Sweet, little Pepe joined our family a few months after we began accepting rodents as pets. Pepe, the Siberian hamster, was actually not so sweet. He bit his owner every time she wanted to cuddle. He even went out of his way to make sure his tiny, needle-like teeth connected with the tender web of flesh between her index finger and thumb when she reached into his cage.
But poor Pepe was excused for the excessive biting.
After all, he’d undergone serious trauma and a near death experience shortly after joining our family.
If humans had brains the size of raisin runts, we’d probably become biters, too. Pepe didn’t even receive counseling. You gotta admire his constitution. Freud would find a strong connection with the oral response to the incident.
My family does learn from mistakes contrary to what you might have assumed from previous posts. When Pepe joined us, we were smart enough to avoid introducing him to Bear.
We didn’t count on Bear introducing himself.
Pepe, like most Siberian Hamsters was a teeny-tiny fellow, a little bigger than a roll of stamps, when he joined our family. Young Pepe, like all hamsters had a lot of energy, so we put him in the hamster ball.
In case you are uninitiated, a hamster ball is a transparent plastic ball that opens for insertion of a hamster so that the stupid hamster wheel inside the cage gets a rest. I suppose the change of scenery as the hamster runs all around the house is good for hamster psyches.
Great fun, unless the hamster is Siberian.
Featherweight Pepe didn’t do much sight-seeing.
Bear walked into the room, zeroed in on the epic struggle of hamster versus Plexiglas, and shot me a glance.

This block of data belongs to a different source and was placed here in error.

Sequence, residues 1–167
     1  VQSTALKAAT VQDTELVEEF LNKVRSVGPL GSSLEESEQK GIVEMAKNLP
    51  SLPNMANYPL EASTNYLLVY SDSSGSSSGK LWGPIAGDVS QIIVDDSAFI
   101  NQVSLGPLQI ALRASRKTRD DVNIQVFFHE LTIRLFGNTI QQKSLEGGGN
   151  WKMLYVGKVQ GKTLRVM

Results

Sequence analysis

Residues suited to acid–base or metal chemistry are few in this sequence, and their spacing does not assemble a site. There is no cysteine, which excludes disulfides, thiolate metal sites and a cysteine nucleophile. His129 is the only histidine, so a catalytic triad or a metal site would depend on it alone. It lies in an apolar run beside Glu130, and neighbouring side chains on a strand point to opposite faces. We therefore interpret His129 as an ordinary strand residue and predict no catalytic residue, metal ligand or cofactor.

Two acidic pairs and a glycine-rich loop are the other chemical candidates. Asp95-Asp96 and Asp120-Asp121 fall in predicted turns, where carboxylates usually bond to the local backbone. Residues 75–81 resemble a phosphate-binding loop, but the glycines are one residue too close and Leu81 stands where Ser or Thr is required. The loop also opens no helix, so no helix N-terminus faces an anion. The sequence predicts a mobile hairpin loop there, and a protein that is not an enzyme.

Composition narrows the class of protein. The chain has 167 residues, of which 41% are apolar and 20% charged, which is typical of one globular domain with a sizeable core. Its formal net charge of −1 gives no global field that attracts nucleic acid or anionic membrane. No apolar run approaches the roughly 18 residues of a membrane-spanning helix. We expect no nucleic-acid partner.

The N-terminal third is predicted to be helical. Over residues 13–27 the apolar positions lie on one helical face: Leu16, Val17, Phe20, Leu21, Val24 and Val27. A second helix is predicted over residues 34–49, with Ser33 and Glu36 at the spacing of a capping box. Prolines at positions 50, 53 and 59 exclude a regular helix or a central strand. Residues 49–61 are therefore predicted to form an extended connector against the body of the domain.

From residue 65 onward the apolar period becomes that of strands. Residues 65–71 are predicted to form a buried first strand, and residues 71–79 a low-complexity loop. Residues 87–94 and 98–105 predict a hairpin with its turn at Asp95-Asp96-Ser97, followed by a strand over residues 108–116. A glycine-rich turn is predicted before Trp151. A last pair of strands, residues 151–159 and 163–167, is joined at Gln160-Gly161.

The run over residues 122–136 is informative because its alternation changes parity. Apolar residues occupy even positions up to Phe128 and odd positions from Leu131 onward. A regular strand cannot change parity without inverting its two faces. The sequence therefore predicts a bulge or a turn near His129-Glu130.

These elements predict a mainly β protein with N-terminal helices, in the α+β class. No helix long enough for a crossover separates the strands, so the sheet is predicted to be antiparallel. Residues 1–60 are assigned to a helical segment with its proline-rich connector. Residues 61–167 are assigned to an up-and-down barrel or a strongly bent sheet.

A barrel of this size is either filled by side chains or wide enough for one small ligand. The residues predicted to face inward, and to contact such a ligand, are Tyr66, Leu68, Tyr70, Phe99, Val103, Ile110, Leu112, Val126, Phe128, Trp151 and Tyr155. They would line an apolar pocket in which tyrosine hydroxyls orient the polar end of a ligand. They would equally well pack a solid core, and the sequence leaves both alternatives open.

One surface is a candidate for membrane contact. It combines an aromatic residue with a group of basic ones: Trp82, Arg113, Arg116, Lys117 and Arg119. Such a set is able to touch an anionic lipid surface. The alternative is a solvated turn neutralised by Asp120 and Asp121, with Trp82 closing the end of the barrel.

Hmmm. Pepe’s safely encased in a large plastic object, right? I glanced at my daughter who wore the same nervous expression.
Bear sniffed the ball, and turned back toward me.
The ball, now in two halves, was empty. Two females screamed. I copied my husband’s heroic life-saving actions of earlier. Thrusting my hand in Bear’s face, I yelled, “Bear! Give!”
A soggy hairball rolled into my hand. It squirmed. It was alive. A little crazy-eyed, but alive.
Change. I've learned to embrace it, ride it out til the end. Sometimes I'm kicking and screaming, other times weeping with my eyes clinched tight. Once in awhile I ride like a dog in a car, head out the window snorting what life has to offer. Mother to young adult children, a marriage of thirty years, and a desert to mountain to valley waltz with God have shaped me into someone I never imagined I'd be. Life is short and I want to live it. Tears, sighs, laughter and change. Every morsel granted to me. Scrambled, shaken or stirred.